Do we send our children to school too early? There is a deep ambiguity in the report by the National Audit Office into the state of nursery provision. On the one hand, it acknowledges that the Department for Education has done well to provide nursery places for at least 15 hours a week for 95 per cent of our three- and four-year-olds. But it also questions whether the initiative – introduced by Labour in 1998 and continued by the Coalition – is working. Children's levels of development have improved at the age of five, but there is no significant increase in ability at age seven. So are nurseries good value in preparing children for school, considering the scheme costs taxpayers some £1.9bn a year?
The NAO, in focusing on money as it always does, asks the wrong question. A direct correlation between cash spent and early academic results is far too narrow a focus. All the research internationally suggests the key question is not the age at which children start learning, but how the early years of learning are structured. Hungary, Switzerland and Flemish-speaking Belgium are far more successful in teaching literacy and numeracy, even though formal teaching of reading, writing or arithmetic does not start until children are six or seven. It could be that starting school too young is damaging.
An ability to recite numbers from one to 10, and even recognise figures, can disguise a failure to understand that eight is more than three if a child in not cognitively ready. Learning is complex. It does not occur in a vacuum. Rather it is determined by factors such as class, culture and gender – all of which shape interests, knowledge and understanding.
Far better results can come from an early years curriculum that is not structured to include the three Rs but focuses instead on skills such as speaking, paying attention, listening, using memory – which can be acquired through structured play – and interaction with other children. Once they have these skills, more academic learning comes more easily. The obsession of successive governments with testing seven-year-olds reveals an inability to grasp the evidence of objective research. The nursery years are when all that begins.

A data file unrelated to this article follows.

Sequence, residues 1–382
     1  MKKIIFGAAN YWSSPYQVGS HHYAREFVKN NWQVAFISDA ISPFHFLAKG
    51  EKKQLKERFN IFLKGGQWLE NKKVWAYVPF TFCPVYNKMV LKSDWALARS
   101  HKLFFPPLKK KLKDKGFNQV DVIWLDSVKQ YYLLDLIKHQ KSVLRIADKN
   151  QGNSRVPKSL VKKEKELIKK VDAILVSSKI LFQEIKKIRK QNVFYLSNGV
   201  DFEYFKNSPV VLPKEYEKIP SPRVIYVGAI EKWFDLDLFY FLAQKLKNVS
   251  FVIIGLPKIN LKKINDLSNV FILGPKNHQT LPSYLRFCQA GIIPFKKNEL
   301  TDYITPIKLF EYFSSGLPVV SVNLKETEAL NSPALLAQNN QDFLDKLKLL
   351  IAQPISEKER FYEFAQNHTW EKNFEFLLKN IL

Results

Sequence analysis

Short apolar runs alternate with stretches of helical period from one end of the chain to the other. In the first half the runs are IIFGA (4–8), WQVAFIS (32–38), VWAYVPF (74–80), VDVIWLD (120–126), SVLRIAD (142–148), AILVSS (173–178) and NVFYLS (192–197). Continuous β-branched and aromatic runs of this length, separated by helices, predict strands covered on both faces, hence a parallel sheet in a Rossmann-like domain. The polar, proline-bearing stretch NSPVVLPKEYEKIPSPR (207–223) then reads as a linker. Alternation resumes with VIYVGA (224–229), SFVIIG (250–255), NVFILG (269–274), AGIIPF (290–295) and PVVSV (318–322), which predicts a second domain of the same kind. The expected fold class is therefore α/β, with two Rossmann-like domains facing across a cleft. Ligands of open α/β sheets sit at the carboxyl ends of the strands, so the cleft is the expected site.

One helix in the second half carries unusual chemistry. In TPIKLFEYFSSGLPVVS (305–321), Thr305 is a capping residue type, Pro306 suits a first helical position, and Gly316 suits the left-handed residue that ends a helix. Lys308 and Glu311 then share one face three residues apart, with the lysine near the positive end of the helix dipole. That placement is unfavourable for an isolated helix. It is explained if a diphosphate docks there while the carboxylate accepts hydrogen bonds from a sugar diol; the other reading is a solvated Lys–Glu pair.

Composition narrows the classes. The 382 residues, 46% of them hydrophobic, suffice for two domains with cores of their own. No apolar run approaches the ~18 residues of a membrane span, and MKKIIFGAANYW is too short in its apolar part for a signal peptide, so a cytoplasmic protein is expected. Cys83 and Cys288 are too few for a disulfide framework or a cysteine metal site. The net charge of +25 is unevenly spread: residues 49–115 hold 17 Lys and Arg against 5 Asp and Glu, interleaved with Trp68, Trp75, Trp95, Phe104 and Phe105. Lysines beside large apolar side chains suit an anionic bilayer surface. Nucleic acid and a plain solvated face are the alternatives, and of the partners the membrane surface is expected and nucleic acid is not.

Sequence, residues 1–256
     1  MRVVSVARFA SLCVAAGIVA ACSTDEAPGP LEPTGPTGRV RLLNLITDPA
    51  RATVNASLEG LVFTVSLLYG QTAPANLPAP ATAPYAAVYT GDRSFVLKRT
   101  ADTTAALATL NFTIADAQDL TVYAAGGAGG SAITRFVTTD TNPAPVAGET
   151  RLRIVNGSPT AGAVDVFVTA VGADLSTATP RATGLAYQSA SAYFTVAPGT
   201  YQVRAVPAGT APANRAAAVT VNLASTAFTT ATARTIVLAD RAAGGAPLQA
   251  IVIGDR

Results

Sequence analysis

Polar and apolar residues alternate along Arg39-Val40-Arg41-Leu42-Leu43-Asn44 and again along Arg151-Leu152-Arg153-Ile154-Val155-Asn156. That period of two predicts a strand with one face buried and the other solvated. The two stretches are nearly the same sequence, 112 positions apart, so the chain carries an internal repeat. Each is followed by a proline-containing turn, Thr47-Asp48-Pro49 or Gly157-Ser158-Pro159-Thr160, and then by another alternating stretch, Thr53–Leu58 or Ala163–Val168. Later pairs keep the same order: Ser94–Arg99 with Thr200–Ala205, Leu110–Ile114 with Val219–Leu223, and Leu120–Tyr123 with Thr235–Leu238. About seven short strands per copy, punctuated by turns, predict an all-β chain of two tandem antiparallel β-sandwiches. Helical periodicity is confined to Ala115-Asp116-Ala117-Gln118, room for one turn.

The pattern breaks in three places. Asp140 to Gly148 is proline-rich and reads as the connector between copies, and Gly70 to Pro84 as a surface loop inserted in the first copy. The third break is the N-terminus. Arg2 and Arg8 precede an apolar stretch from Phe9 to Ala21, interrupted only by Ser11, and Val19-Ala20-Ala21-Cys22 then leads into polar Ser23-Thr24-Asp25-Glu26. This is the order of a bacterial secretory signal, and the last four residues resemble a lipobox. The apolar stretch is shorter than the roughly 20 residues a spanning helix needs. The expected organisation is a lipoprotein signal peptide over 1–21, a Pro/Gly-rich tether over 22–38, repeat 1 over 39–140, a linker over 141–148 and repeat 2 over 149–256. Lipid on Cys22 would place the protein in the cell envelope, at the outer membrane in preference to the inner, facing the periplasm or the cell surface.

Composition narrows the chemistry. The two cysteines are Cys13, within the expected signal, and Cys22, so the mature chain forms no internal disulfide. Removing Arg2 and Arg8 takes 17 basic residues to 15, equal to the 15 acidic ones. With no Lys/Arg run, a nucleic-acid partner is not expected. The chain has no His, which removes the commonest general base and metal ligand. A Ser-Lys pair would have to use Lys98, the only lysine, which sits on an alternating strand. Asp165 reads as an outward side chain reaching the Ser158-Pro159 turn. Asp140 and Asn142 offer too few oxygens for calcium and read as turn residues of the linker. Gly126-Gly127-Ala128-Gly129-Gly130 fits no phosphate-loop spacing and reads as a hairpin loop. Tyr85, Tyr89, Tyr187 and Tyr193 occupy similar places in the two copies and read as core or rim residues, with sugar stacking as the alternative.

There are other good reasons for taking the state of Britain's nurseries more seriously. Helping parents manage their childcare costs and working patterns are not the principal purpose of providing 15 hours' free nursery provision for 38 weeks of the year, the report notes. But those are important side-effects. Helping unemployed parents back to work, providing additional income for those already in work, and improving their long-term earnings potential are socially significant factors. So, too, is the impact nurseries may have on reducing child poverty and improving social mobility.
Where the National Audit Office report is useful is in highlighting the patchy nature of provision. Ofsted inspections reveal that the proportion of good or outstanding nurseries rose from 75 per cent to 81 per cent over the past two years. Yet take-up is lowest among the most disadvantaged families who might be expected to benefit most from it – which may have something to do with the limited hours nurseries are open. Areas of highest deprivation are also less likely to have high-quality provision.
The report suggests, though the data is vague, that those local authorities which spend most do not necessarily offer the highest quality – though those prepared to pay for qualified staff, rather than untrained assistants, see a significant rise in quality. Yet it also suggests quality alone is not the only reason parents choose a nursery; convenience and the cost of buying additional hours are key, too. More data, as the NAO suggests, is needed. On such a vital issue, though, a narrow focus on cost does not serve children or parents – or the Government – well.